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Bladder Cancer - Topic Overview

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The treatment depends a lot on how much the cancer has grown. Most bladder cancers are treated without having to remove the bladder.

Sometimes doctors do have to remove the bladder. For some people, this means having urine flow into a bag outside of the body. But in many cases, doctors can make a new bladder—using other body tissue—that works very much like the old one.

Bladder cancer often comes back. The new tumors can often be treated successfully if they are caught early. So it's very important to have regular checkups after your treatment is done.

Finding out that you have cancer can change your life. You may feel like your world has turned upside down and you have lost all control. Talking with family, friends, or a counselor can really help. Ask your doctor about support groups. Or call the American Cancer Society (1-800-227-2345) or visit its website at www.cancer.org.

Anything that increases your chances of getting a disease is called a risk factor. The main risk factors for bladder cancer include:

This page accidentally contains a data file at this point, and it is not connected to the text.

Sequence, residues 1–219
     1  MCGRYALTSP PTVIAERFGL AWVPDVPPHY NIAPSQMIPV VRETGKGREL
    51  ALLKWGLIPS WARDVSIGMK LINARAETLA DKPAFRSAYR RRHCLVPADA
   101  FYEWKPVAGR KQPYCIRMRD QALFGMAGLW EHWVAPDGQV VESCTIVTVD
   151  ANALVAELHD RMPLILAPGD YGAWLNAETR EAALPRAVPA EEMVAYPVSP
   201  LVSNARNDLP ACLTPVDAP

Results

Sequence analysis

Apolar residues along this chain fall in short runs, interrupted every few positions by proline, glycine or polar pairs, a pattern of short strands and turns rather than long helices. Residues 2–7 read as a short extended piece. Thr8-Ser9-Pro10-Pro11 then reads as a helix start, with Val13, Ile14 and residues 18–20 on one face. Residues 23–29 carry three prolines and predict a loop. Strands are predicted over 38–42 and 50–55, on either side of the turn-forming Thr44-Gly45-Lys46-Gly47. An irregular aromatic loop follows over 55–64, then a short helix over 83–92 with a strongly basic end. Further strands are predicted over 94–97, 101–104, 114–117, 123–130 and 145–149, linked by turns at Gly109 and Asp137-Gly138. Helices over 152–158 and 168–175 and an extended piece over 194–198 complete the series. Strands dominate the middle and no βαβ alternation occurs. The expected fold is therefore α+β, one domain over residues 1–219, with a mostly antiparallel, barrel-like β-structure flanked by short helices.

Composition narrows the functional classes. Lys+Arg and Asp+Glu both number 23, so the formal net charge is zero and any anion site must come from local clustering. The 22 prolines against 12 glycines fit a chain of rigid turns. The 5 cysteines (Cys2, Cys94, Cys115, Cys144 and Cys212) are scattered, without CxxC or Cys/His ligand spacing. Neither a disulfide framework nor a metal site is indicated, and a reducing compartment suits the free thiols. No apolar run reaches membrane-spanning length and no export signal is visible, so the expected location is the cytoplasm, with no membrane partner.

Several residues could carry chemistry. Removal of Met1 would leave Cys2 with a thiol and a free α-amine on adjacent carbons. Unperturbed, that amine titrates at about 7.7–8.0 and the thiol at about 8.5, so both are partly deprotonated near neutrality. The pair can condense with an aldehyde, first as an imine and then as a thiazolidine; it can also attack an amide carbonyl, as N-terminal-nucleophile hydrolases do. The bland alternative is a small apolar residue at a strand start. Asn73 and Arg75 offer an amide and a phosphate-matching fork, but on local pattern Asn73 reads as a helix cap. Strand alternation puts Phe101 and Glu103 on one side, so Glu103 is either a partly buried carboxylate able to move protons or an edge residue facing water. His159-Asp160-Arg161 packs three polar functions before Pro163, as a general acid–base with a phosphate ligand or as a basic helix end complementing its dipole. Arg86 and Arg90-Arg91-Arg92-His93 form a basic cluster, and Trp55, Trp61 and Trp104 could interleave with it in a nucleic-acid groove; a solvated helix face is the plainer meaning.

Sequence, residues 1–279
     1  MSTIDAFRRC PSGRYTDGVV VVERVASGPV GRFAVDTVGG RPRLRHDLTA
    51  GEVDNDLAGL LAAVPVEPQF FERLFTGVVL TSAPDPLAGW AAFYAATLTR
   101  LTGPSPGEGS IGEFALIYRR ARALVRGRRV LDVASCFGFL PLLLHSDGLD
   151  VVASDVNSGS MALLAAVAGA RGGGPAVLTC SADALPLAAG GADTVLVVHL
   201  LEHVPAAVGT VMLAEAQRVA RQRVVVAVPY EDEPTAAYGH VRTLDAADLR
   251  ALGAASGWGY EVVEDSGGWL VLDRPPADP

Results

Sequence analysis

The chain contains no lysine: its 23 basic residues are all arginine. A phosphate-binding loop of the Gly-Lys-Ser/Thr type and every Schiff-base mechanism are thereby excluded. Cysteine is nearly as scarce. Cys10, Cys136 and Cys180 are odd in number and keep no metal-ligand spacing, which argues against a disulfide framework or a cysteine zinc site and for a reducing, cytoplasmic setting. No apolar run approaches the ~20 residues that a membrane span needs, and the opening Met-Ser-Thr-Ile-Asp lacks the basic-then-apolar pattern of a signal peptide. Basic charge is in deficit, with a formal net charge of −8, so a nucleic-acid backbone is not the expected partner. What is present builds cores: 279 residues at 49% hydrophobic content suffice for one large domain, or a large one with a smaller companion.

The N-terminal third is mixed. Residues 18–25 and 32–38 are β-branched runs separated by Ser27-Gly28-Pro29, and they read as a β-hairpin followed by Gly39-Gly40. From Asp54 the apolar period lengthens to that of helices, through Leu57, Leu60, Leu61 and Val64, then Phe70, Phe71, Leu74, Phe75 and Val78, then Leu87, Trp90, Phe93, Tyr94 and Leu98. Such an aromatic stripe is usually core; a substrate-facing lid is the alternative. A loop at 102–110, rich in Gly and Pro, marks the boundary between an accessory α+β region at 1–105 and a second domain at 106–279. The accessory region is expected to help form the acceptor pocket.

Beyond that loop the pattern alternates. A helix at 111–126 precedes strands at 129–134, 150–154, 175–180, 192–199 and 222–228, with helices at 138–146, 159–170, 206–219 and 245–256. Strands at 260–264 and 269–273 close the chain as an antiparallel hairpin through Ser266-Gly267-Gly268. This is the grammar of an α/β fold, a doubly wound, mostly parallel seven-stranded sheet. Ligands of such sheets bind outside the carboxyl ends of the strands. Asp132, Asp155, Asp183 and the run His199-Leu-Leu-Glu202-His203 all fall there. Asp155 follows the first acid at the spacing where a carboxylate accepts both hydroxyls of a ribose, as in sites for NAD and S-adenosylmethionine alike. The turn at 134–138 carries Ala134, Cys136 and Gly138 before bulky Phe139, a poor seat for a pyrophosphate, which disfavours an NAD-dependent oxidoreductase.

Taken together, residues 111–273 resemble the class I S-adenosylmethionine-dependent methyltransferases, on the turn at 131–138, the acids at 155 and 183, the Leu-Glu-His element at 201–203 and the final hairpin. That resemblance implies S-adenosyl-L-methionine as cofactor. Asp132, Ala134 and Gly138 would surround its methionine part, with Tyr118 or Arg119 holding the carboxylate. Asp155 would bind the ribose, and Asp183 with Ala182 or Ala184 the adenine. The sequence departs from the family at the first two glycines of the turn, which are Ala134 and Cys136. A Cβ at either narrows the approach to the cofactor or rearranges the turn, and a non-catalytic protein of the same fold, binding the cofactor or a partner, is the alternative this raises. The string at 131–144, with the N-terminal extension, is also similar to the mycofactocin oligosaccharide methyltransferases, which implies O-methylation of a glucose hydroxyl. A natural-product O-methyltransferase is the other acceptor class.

• Smoking. Cigarette smokers are much more likely than other people to get bladder cancer.
  • Being older than 40, being male, or being white (Caucasian).
  • Being exposed to cancer-causing chemicals, such as those used in the wood, rubber, and textile industries.
  • What you eat. A diet high in fried meats and fats increases your risk for bladder cancer.
  • Parasites. There is a parasite that causes schistosomiasis, which can increase your risk. This condition is sometimes found in developing countries and rarely occurs in North America.

Learning about bladder cancer:

Being diagnosed:

Getting treatment:

Ongoing concerns:

Living with bladder cancer:

Supportive care:

WebMD Medical Reference from Healthwise

Last Updated: April 30, 2013
This information is not intended to replace the advice of a doctor. Healthwise disclaims any liability for the decisions you make based on this information.
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